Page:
«originally posted 21 April 2010»
The mood at Hlavní Nádraží, the largest train station in the Czech Republic, was foul to say the least. I felt sorry for all the people who were still queued up in that godforsaken line, probably still standing there cursing in twenty different languages, still aching for a cup of coffee or a cigarette after 3 hours of waiting and not a lot of moving. The ticket agents had their work cut out for them. Today was not the best day to work for an airline/rail service/bus service in the EU. Seventy-two hours prior, Iceland had begun spewing abrasive dust out of a hole in the Earth that nobody can pronounce (except maybe for the one ballsy CNN reporter I saw who gave it a shot), and all of Europe flew into chaos. Or didn’t fly, to be more precise.
The cloud spread like a plague, crippling Britain’s airspace first, then France, Spain, Benelux, and the rest of western Europe. By the time I realized the inevitable, Prague’s Ruzyně airport had been shut down, my flight to Amsterdam (on flight #666 – no joke) cancelled. Now I was left with a puzzle: figuring out how to get back to England for my rapidly approaching flight back to the States – without using planes. The train and coach networks of Europe could absorb some of the traffic, but how much and how fast? Would there even be tickets out of the Czech capital?
Leaving Prague was easier than I’d thought. From the monumental queue (near 3 hours for myself) came victory in the form of train tickets. The agent I saw at the station spoke English (thankfully, as my Czech is limited to about four words), and all I had to do was tell her where I needed to go.
“Amsterdam. Can I do that tomorrow?”
She typed for a few frenzied seconds, finally coming up with a solution.
“Yes, we get you there tomorrow. Change once in Berlin. This is OK?”
Taken aback, I stammered a “Yes!” and took the gift I had just been given. Despite all the intimidating queues, all the reports of overcrowded stations and packed, standing-room-only trains, despite all of the chaos caused by the Icelandic menace, I was able to get out of Prague when I wanted, go where I wanted, and for less than I paid for my ill-fated airline flight. I left the station beaming, freshly printed tickets in my hand; volcano be damned, I was going right where I needed to be.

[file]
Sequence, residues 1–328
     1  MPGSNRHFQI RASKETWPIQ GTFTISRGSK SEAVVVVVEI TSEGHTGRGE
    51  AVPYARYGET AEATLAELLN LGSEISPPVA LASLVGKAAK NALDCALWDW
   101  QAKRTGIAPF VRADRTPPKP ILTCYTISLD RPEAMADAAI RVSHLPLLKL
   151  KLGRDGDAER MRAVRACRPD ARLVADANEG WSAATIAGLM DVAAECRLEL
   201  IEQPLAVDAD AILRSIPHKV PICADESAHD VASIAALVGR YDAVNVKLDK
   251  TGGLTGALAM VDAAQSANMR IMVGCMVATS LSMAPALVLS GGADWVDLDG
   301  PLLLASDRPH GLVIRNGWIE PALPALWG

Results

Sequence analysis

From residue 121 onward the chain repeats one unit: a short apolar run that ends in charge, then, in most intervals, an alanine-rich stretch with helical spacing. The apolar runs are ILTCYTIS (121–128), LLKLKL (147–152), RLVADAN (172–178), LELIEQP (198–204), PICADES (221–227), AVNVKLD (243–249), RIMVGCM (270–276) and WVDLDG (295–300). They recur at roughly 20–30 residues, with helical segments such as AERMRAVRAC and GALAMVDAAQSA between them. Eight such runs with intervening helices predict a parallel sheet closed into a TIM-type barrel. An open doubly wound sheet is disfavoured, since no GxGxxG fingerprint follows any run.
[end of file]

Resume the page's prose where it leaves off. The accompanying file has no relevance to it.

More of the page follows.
The next morning, I showed up at Hlavni Nadrazi bleary-eyed and not quite caffienated enough for the impending 14 hour trip to the Netherlands. The station was packed again, and as the dark red-and-cream coloured Czech train arrived at the platform, the scene resembled something more reminiscent of rush hour on the Tube.
We were away. I was in a compartment with a couple from Oslo, trying to get home after their flight was grounded two days before. The stories from the travelers who joined us were the same: long lines at airport counters, frustration, finally getting out on a train, more frustration. This volcano business is enough to make anyone completely mental. Bits of the Eastern Bloc flew past us as we bantered, mapping out hypothetical routes home, long train rides and last-ditch night coaches. Every now and again, out of the quiet hills of Bohemia, a crane or smokestack would pop out, reminding the passengers of train 179 what this country had been only 20 or so years ago. The hammer and sickle left their mark on then-Czechoslovakia, and while this influence is still readily felt in the now decidedly westernized Czech Republic, it is by no means overpowering. Just sort of there, hiding around the next 13th-century alleyway corner like a stray cat. The contrast is almost goofy in a lot of ways.
At last we had scenery to contemplate as the train sped up the incredibly picturesque Elbe valley towards Germany. Ancient castles dotted the landscape, every so often popping up on a bend in the river or a hilltop. The train was comfortable; a much more civilized way of traveling, certainly, than on an airliner. The hiss of the rails was the only noise, other than the sound of the people on the train. I found a seat in the dining car and ordered up a coffee. My seat provided a fantastic view out the window – which soon proved to be quite distracting.
Eventually the signs at the stations we passed changed from Czech to German. At our midway stop, Dresden, half the train deboarded and collectively blew off some stress as the passengers of Train 179 prepared themselves for the next leg of whatever journey they were on.
Back on the train, it was business as usual. Kids ran about, clogging the narrow passageway with giggles and the occasional shriek. First class was quiet, the businessmen who had been bumped from flights now calmer, burying their noses in laptops and Blackberries trying to coordinate meetings with people who were likely still trapped hundreds of kilometers apart. The train was never full, which was surprising given the huge queue at the station in Prague the day before, but it was packed enough that ‘Excuse me’ in every language I knew constantly flowed from my mouth as I fought through the people and baggage strewn about the corridor on my way through the train.
After four hours, my train pulled into Berlin’s Spandau station to drop off passengers such as myself headed for points north…my train to Amsterdam wouldn’t be here for an hour and a half. I bade my farewells to my compartment friends and jumped off the train and on to German soil. A sleek looking German ICE train hummed into the station, and proceeded to spew forth passengers, refugees from the Great Volcano Crisis of 2010. As the doors closed, a girl moved down the platform with her bike, preparing for a journey of her own, free from the trappings of even rails. I envied her freedom, but knew that soon I would be free – free from the grip of the Icelandic menace and back in jolly ole England.
Next station: Amsterdam.